Posted by Barton Lorimor
* With sympathies to her family, friends, and the WTTW newsroom…
Elizabeth Brackett, the Emmy Award-winning journalist and internationally decorated triathlete who for two decades served as a “Chicago Tonight” host and correspondent for WTTW, died Sunday evening at Stroger Hospital, surrounded by family. She was 76 years old.
Brackett was admitted to the hospital Wednesday morning following an apparent accident while she was biking along the lakefront path – a routine part of her triathlon training. She was found about 30 feet from the path near 39th Street Beach, according to Chicago Fire Department spokesman Larry Langford, who said paramedics at the scene witnessed “no signs of trauma” including “bruises, scrapes, contusions.” Family members believe Brackett accidentally fell from her bicycle and say damage to the top and back of her helmet suggests as much.
Brackett’s training regimen reflected her serious approach to the sport – and would challenge an athlete half her age: 9-12 hours each week spent running and biking (three times a week) and swimming and weightlifting (twice a week). “She would come here and train hard – not skip a beat, go out and train hard all the time,” Aharon said. “The workout I gave her, I’d give to a 35-year-old.”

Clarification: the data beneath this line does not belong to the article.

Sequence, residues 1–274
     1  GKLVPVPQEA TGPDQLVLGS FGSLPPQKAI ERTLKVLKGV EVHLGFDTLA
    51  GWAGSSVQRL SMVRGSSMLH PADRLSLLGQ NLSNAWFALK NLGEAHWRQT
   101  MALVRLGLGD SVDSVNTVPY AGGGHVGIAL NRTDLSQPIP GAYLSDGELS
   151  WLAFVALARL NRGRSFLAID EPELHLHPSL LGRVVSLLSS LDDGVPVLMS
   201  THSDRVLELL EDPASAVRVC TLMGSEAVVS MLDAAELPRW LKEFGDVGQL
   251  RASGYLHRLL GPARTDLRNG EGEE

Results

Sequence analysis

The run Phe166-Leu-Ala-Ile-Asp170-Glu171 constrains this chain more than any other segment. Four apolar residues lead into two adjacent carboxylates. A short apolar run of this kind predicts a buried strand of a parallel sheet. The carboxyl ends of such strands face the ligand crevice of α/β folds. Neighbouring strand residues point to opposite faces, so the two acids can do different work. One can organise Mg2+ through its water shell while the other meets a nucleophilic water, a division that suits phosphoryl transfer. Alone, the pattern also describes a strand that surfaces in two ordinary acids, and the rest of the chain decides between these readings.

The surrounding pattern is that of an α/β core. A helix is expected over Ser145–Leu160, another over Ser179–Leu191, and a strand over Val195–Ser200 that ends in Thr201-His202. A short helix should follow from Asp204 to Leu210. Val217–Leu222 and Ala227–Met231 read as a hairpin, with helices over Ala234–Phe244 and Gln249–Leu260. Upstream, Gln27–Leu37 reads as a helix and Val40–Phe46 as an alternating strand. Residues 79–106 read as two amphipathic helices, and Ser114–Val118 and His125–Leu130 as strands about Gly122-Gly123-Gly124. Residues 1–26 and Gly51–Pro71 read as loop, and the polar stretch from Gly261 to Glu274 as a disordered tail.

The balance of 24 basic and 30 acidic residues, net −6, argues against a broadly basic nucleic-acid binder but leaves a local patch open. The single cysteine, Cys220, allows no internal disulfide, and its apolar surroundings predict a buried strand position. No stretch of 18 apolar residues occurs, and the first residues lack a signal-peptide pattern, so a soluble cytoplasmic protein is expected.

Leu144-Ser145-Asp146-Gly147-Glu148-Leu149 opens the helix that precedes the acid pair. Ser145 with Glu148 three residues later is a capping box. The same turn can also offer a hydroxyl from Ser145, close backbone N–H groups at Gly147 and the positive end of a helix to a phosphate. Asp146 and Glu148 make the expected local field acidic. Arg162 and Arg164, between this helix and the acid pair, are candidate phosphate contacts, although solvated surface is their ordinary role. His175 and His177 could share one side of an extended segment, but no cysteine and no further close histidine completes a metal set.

Brackett showed equal determination and focus in the newsroom, where she “snuck in” to a career in journalism at age 34. It’s a story she shared in a 2012 interview with the Chicago Tribune for its “Remarkable Woman” series: “I’d gotten a master’s degree in social work and didn’t have a journalism degree,” she said told the Tribune. “You probably could never do that today, but I wouldn’t take ‘no’ for an answer.”
Family members say that was one of her defining character traits. “She saw a ‘no’ as an obstacle to be overcome,” said her son Jon Brackett, a public school teacher in Milwaukee, Wisconsin.
That resolute approach would propel Brackett’s 40-year career, during which she covered everything from the 1980 Democratic National Convention in New York to the Challenger disaster in 1986 to the Chicago Bulls. Her reporting on the dangerously deteriorating conditions of public housing in Chicago prompted policy changes at the Chicago Housing Authority. She was recognized with five Emmy Awards, including a national Emmy, two Peter Lisagor Awards for Business Journalism and a National Peabody Award, among others. In 2009, she was inducted into the Chicago Television Academy’s prestigious Silver Circle.
“Her political coverage included, I think, the best profile that’s been done on Barack Obama and for which she won a regional Emmy,” said “Chicago Tonight” Executive Director Mary Field.
In addition to journalism and athletics, Brackett served as a coordinator for the Adolescent Alternative Placement Program of the Illinois Department of Children and Family Services, a community organizer for the Uptown WMCA, Illinois Issues Coordinator for Jimmy Carter’s presidential campaign and as fundraising director and advance director for William Singer’s mayoral campaign.